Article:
Iowa Gov. Kim Reynolds expanded mandatory closures Monday, shuttering malls, playgrounds, bingo halls and social clubs until at least April 30.

The closures are a broadened effort to contain COVID-19.

“Today, I am ordering additional businesses and establishments to close through April 30, including malls, social and fraternal clubs, bingo halls, bowling alleys, pool halls, arcades, amusement parks, libraries, museums, zoos, skating rinks and (skating) parks, outdoor and indoor playgrounds or childrens’ play centers, tobacco and vaping stores, race tracks, toy, gaming, music and instrument and movie stores and campgrounds, Reynolds said at a news conference.

Reynolds earlier had closed bars, dine-in restaurants and other entertainment venues and retail stores, prevented elective surgeries and banned gatherings of more than 10 people for that period. 

The governor said federal health officials expect this week to be a particularly dangerous one with continued added cases and deaths. People need to stay home as much as possible, to limit the spread of COVID-19, she added. 

Reynolds said a big goal is to protect medical workers, nursing home employees and first responders. 

“They don’t have the luxury of staying home,” Reynolds said. “These heroes among us are putting their fears aside and showing up to protect us and we need to do our part by taking care of them. We need to stay home and we need to stay responsible.”

The governor stopped short, again, of calling for an all-out shelter in place order. She said that the metrics she is following still don’t warrant that action when much of the goal is accomplished through the limits already in place. She added that such an order might add to the already significant mental stress with which Iowans are coping.

Reynolds is following a 12-point system of analyzing data, in which each region of the state is given a score. She has said a score of 10 would be cause for review of whether to issue a shelter-in-place order. As of Monday, southeast Iowa had scored a 9.

But Reynolds and Nebraska Gov. Pete Ricketts, both Republicans, each tweeted that Republican President Donald Trump’s lead authority on COVID-19, Dr. Anthony Fauci, told them Monday on a joint call that they were “on the same page” with federal health authorities. Neither state has a shelter in place order in effect.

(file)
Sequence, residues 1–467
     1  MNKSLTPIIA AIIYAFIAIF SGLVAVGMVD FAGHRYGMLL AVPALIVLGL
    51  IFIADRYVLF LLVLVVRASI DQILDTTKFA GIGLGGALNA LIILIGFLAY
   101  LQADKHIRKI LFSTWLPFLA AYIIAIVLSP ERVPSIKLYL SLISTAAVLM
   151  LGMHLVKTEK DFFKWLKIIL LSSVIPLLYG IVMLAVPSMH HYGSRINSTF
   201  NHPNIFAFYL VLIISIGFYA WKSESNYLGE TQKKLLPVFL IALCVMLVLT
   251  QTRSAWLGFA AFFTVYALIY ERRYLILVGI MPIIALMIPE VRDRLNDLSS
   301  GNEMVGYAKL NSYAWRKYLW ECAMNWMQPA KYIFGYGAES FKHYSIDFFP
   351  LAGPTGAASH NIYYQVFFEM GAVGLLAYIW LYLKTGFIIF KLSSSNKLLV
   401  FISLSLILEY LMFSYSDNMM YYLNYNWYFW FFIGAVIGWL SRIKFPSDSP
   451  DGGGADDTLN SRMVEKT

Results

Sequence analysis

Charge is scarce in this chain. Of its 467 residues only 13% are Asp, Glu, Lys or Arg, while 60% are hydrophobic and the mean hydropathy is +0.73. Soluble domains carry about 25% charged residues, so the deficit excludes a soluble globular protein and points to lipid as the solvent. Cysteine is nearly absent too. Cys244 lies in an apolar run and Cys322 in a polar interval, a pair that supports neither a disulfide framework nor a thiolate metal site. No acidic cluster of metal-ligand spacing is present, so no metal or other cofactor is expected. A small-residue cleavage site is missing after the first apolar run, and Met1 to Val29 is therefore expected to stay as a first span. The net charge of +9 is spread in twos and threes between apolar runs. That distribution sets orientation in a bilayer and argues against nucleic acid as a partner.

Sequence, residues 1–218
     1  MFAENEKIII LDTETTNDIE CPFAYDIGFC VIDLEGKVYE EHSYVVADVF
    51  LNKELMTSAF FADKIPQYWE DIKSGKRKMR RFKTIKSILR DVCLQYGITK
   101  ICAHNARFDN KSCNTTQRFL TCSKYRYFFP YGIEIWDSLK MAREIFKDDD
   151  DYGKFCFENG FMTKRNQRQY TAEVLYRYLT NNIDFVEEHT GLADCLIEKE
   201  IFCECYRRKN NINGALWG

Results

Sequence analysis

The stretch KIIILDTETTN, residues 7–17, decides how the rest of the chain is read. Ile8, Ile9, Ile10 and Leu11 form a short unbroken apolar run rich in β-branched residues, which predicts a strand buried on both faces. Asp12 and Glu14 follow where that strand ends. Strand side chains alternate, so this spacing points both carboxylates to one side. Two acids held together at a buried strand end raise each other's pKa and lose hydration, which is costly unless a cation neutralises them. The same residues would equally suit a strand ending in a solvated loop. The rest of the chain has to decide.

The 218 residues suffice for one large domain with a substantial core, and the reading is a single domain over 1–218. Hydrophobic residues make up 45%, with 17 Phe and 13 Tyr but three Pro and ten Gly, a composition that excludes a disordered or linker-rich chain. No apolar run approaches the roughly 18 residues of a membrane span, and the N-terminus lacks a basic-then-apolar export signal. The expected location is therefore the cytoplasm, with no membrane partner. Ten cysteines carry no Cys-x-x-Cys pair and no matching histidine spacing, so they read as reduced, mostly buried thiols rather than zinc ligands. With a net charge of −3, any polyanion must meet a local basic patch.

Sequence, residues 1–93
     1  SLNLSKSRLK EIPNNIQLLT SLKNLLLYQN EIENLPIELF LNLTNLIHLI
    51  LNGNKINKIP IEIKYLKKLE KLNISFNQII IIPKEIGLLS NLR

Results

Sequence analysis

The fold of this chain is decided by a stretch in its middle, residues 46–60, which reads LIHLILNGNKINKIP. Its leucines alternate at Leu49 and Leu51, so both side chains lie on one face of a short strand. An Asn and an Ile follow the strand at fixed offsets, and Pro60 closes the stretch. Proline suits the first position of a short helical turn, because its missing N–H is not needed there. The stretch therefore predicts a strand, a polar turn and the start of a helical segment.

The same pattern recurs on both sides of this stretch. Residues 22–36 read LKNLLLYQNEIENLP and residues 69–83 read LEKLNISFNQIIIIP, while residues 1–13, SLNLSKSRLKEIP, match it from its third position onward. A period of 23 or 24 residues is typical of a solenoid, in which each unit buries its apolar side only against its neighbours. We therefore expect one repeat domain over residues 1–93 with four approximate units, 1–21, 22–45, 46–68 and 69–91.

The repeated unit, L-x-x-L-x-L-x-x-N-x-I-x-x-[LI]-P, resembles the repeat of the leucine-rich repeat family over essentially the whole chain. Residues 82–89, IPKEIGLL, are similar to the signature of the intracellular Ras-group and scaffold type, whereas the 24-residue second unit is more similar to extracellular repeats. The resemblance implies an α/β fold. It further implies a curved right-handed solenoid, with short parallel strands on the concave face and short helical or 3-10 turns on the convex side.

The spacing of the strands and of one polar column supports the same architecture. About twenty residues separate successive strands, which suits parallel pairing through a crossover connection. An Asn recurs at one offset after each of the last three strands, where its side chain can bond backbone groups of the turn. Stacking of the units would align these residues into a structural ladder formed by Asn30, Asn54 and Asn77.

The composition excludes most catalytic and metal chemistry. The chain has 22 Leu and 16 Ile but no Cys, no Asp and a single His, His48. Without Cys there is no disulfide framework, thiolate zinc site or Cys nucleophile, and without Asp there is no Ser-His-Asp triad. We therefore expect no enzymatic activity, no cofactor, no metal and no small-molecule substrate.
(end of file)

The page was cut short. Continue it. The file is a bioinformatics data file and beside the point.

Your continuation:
Reynolds said Fauci was “100% supportive” of her move to close many facilities, ban gatherings of more than 10 people and to encourage people to stay home. On Thursday, Fauci had said he didn’t understand why all states hadn’t ordered shelter-in-place, after which Reynolds said he didn’t have all the facts.

Twenty-five Iowans have died from the virus linked to a global pandemic. There have been 946 confirmed cases in Iowa (including 78 confirmed Monday), with 99 patients now hospitalized. Iowa Department of Public Health data show Linn County has had the most cases at 176. Iowa has had 10,653 negative tests. 

Stephan Bayens, commissioner of the Iowa Department of Public Safety said Iowans will be educated about the rules and asked to leave closed areas. If they persist, they could face misdemeanor charges.

“Worse, your actions could put other people at risk,” Bayens said. “Law enforcement has no desire to cite or arrest anyone. Most Iowans are being responsible and doing their part. It is only a small segment that is throwing caution to the wind and ignoring the limitation on social gatherings.

“That small segment could have an enormous impact on public health,” Bayens added. “For that reason, law enforcement will take reasoned and measured steps if we are forced to do so.”

DPS is sending guidelines out to local police and sheriffs, he added.

Park rangers and other officers may have their work cut out for them. Last weekend, trails around the Des Moines area were busy, and many people were violating both the 6-foot distancing requirement and the no groups of more than 10 rule the governor issued last month. The campground at Walnut Woods State Park in West Des Moines was busy, including one party using a tent when only enclosed campers were allowed. 

Now, the state campgrounds are closed through the end of the month but the parks remain open. Playgrounds and restrooms are closed.

Reynolds asked Iowans to stay home at all times except for single-person trips to get groceries or medical care or to exercise away from other people.